Trump Won’t Have a Jury in His NY Fraud Trial Because His Lawyers Didn’t Request One

by Jessica

Former President Donald Trump has infamously attacked the judge presiding over his civil trial in New York for business fraud with regular frequency as the case has moved forward, so legal observers were surprised to learn that his legal team had declined to request a jury trial — leaving the ultimate verdict solely in that one judge’s hands.

New York Attorney General Letitia James’ lawsuit against the Trump Organization seeks penalties of $250 million and to ban Trump and his adult children from doing business in New York.

Judge Arthur Engoron already dealt a sharp blow to Trump last week, ruling in favor of James’ motion for summary judgment and finding the ex-president liable for the core claim in her lawsuit that Trump had committed fraud by massively inflating the value of his assets by billions of dollars and exaggerating his net worth in order to secure financing and close deals.

Engoron’s order also stripped the business certifications of the Trump Organization and related defendant corporate entities and directed a receiver to be put in place to “manage the dissolution” of those businesses.

“Questions remain as to how the receiver would dissolve the properties; whether the ruling would impact properties outside of New York state, including Mar-a-Lago; and whether the Trumps could transfer the New York-based assets into a new company out of state,” CNN reported.

Unsurprisingly, Trump reacted to this ruling with an angry, all-caps rant on his Truth Social account blasting Engoron and James for their “politically motivated Witch Hunt” — and interestingly included among his complaints, “I am not even allowed a Jury!”

Trump again went after Engoron in his comments before the trial began on Monday morning, calling him a “rogue judge” and saying the trial was “a scam and a sham.”

Contrary to Trump’s complaint that he was “not even allowed” to have a jury, he absolutely did have the power to demand a jury trial, if only his attorneys had checked a single box on the front page of a standard New York court document.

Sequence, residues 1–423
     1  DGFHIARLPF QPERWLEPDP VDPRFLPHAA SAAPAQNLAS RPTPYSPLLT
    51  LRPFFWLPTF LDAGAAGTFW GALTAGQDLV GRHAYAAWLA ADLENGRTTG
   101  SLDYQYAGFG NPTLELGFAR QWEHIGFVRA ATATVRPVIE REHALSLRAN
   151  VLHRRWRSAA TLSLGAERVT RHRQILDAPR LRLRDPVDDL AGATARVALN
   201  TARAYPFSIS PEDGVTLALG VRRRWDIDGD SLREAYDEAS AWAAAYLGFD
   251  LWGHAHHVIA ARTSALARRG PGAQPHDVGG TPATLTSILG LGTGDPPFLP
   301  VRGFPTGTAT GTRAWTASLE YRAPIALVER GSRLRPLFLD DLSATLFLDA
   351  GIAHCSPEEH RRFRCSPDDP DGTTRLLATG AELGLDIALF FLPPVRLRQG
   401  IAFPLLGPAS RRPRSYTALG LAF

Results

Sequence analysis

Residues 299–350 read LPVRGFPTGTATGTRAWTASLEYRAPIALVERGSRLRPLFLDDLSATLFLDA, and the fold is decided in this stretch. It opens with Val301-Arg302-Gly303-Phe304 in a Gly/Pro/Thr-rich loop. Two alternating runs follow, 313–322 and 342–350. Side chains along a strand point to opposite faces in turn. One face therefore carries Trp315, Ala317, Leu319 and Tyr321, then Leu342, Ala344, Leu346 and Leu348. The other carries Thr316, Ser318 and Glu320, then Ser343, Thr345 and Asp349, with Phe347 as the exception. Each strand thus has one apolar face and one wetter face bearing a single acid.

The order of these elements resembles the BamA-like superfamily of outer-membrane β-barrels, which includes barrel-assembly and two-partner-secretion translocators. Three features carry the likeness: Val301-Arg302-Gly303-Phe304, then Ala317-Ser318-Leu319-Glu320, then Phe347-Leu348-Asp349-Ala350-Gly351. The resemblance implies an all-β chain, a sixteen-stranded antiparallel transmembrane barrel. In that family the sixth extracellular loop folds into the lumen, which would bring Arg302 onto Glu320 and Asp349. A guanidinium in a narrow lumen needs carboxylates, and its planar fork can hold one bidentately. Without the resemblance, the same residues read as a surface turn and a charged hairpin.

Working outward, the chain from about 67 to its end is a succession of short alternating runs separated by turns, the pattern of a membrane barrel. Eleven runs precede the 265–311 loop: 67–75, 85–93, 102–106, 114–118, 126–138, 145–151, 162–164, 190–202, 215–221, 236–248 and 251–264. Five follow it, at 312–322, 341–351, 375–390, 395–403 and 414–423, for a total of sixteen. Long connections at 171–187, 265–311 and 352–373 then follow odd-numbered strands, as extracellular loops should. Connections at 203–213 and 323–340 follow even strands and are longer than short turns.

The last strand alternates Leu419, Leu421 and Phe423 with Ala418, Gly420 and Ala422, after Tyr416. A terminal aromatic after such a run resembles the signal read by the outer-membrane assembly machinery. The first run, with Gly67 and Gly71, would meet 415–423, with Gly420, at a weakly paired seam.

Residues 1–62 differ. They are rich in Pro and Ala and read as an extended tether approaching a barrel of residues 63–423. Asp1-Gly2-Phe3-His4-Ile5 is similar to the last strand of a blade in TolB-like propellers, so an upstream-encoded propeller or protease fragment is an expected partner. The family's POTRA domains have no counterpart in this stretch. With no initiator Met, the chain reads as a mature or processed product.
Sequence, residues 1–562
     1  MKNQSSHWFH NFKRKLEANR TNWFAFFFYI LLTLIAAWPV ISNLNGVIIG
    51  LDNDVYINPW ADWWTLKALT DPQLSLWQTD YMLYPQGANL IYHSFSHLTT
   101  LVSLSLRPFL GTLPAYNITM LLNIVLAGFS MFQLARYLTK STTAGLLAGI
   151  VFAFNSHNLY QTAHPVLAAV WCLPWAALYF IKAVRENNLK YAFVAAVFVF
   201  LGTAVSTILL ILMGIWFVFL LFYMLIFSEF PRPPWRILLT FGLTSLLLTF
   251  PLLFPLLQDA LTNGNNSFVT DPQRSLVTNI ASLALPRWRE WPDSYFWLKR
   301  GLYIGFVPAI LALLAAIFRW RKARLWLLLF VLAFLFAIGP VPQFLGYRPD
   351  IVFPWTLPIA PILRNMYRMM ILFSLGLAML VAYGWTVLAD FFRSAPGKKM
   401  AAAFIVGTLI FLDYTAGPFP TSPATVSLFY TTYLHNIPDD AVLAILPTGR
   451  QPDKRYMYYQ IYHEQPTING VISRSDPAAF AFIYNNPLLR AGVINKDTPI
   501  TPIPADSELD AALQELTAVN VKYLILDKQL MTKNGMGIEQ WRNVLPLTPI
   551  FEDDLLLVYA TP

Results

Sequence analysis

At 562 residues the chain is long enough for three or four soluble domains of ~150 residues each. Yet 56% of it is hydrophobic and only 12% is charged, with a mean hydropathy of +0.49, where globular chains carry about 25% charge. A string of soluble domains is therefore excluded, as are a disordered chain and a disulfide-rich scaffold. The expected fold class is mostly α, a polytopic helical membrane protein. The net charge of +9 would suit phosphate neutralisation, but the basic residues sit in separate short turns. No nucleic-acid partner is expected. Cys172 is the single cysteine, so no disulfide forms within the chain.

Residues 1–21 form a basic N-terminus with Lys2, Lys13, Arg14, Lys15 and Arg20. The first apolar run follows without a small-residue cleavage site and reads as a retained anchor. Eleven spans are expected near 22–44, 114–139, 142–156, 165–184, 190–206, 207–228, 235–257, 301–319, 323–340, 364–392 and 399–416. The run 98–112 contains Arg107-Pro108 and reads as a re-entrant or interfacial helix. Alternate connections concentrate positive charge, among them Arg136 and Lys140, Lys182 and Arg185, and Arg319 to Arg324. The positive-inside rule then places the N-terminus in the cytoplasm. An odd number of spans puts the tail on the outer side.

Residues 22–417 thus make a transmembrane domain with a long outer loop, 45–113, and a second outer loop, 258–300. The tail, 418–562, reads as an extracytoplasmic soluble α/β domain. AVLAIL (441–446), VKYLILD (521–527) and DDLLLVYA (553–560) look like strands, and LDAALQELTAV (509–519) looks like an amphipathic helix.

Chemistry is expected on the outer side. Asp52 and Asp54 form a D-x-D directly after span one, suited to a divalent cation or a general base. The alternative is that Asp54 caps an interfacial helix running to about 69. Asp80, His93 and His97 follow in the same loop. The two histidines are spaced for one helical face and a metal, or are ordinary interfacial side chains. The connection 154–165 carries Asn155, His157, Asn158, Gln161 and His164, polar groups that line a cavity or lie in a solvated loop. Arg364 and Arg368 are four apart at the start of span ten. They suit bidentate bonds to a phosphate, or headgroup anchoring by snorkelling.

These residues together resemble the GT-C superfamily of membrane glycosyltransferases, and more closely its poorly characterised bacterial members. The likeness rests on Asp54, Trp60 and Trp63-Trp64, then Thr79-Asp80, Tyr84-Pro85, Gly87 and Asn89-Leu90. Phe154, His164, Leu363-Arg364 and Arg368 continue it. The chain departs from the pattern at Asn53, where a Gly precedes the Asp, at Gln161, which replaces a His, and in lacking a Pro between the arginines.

In a civil case, the parties all have the right to request a jury; the only reason a trial would proceed without one is if both sides decline to demand one. Here, the prosecutors declined to do so in their Notice for Trial, as seen in the screenshot below of a section of the first page, by checking the box next to “Trial without jury.”

It’s not entirely clear why Trump’s attorneys didn’t request a jury trial. As Los Angeles Times senior legal affairs columnist Harry Litman noted, “[i]t’s incredibly easy” to do so and only requires you to “just check a box on a form.”

“Hard to believe that Trump understood his lawyers hadn’t done it when he’s been savaging the judge who is now the factfinder in his huge fraud trial,” Litman added.

As the trial began, commentators speculated whether Trump’s attorneys were engaging in some sort of strategy because they didn’t believe they would like the options they’d find in a New York City (i.e., liberal-leaning) jury pool or if they really did just forget to check the little box.

CNN senior legal analyst Elie Honig told Mediaite he had heard these theories and “nobody has any way to know that,” but he did find it “interesting” that this might have been a deliberate strategy. “Wouldn’t shock me,” he added.

Honig and Caroline Polisi, a white-collar criminal defense attorney and legal analyst, both appeared on CNN Newsroom Monday morning to discuss the case.


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